This is excellent news for those of you who want to make larger prints like busts or statuettes, and given how MSLA resin printers print entire layers at once unlike FDM printers, you’ll be able to fit more of your minis in each print job.
Despite its greater build capabilities, the Mono X falls into the middling ground when it comes to build speed. At a maximum of 60mm/h, it is noticeably faster than the original Mono printer.
Despite its larger size, the Mono X sports the exact same 3.5-inch touchscreen as the Mono SE.
As well as the build volume, the Anycubic Mono X also sports an impressive LCD resolution. Where the Mono and Mono SE have a resolution of 2560 x 1620 pixels, the Mono X sports a booted 4K screen with 3840 x 2400 resolution.
Like the SE, the Mono X is connectible via USB and WiFi, which places it a step above the Mono, but still matches the capabilities of the Mono SE
Read more: Elegoo Saturn vs Anycubic Photon Mono X
Anycubic Mono X 6K
One of their latest releases, the Mono 6K is the Goliath of the Mono series, boasting a huge print volume and impressive speeds, as well as many of the features that have made the others stand out so well.
An all-around topper at an equally elevated price, the 6K should be your go-to if you want to really pay for power.
With a massive build volume of 245 x 197 x 122mm, the possibilities are endless with the Mono 6K’s impressive size shouldn’t leave any buyer wanting.
Don’t let the Mono 6K’s size fool you into thinking it’s a slow machine. The Mono 6K is anything but, and won’t leave you waiting around too long at an impressive 60mm/hour, with a maximum of a whopping 80mm/hour.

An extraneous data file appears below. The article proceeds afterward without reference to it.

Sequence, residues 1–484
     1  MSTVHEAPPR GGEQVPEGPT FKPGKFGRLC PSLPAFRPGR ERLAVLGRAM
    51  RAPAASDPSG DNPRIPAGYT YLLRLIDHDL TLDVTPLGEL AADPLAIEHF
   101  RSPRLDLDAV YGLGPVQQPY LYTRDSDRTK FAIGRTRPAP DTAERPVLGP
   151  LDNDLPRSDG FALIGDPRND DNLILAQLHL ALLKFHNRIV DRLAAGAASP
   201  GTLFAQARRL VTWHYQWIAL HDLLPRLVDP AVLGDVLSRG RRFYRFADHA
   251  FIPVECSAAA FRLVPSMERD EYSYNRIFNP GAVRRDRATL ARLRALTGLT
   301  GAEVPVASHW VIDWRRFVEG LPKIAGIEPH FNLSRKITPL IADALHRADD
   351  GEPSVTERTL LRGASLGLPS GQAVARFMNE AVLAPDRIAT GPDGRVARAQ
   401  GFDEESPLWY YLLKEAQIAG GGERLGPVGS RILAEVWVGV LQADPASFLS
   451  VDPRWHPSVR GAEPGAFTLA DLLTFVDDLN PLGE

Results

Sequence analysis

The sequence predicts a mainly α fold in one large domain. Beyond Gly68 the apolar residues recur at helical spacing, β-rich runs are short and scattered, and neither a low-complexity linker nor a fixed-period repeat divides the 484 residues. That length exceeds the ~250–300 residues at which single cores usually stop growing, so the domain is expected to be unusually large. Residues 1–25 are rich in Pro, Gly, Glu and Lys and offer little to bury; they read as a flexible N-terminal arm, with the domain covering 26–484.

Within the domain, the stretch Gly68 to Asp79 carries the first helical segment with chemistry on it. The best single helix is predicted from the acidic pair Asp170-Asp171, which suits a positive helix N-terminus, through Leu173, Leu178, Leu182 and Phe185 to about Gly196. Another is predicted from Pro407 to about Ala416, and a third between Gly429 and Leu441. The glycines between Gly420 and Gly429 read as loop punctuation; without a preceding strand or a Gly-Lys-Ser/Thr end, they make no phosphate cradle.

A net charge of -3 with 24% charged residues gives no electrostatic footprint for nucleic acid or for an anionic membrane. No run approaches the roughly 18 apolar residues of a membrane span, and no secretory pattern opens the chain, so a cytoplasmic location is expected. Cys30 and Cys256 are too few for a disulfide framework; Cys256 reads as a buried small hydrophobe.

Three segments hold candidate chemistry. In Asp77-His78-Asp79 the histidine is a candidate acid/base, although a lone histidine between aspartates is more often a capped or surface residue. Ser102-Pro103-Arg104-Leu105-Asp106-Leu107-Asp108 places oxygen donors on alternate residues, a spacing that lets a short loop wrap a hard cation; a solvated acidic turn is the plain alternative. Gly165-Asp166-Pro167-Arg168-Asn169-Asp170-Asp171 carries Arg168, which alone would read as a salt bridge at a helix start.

While large in size, the Mono 6K sports an average size touchscreen of 3.5’’, though its 6K LCD screen is a huge 9.25’’ that’s sure to make all adjustments and monitoring easy and as highly defined as the prints themselves.
Those of you with large workspaces will be happy to know that the Anycubic Mono 6K is connectible via Wi-Fi as well as USB, so you won’t be traipsing back and forth through your house or garage to get your prints up and running with ease.
Anycubic Mono SE
- Price: Check price at Anycubic here
Next on the list is the upgraded Mono SE. It’s more expensive than the standard Mono, but it’s a better choice if you’re willing to open your wallet a little wider for some nice additions that the original Mono simply doesn’t have.
It has mostly been phased out in favor of new models like the Mono 4K, Mono X, Mono X 6K, and Photon M3 range.
With a build volume of 130 x 80 x 160mm, it’s not too different from its predecessor. So the Mono is still the best build volume for its price by comparison if the size of your prints is your key deciding factor.
Between the three models, the Anycubic Mono SE wins out for its print speed. Capable of a maximum of 80mm/h, it’s by far the fastest in the Mono line.
If you plan on making a lot of prints but don’t want to wait around, then the SE is absolutely worth a look.
The Mono SE features a touchscreen of 3.5 inches, which is as large as they get on the Mono series line of 3D printers. This makes it easier to read and it looks pretty cool too.
As well as a USB connection, the Mono SE is connectible via WiFi too. This makes for a far more streamlined and easy-to-use experience and a faster and easier transition from designing to printing.
Anycubic Mono SQ
- Price: Check price at Anycubic here
The Anycubic Mono SQ is a recent entry to the Mono series and boasts a lot of upgraded features based on what Anycubic has learned throughout development. As far as budget printers go, the Mono SQ really stands out as powerful and fast without requiring you to break the bank.
On the smaller end of the spectrum, the Anycubic Mono SQ has a build volume of only 128 x 120 x 200mm, so it’s not ideal if you’re looking to make big prints. However, this size is still fairly middling for a resin 3D printer, so you’re getting quite a lot of space for the price.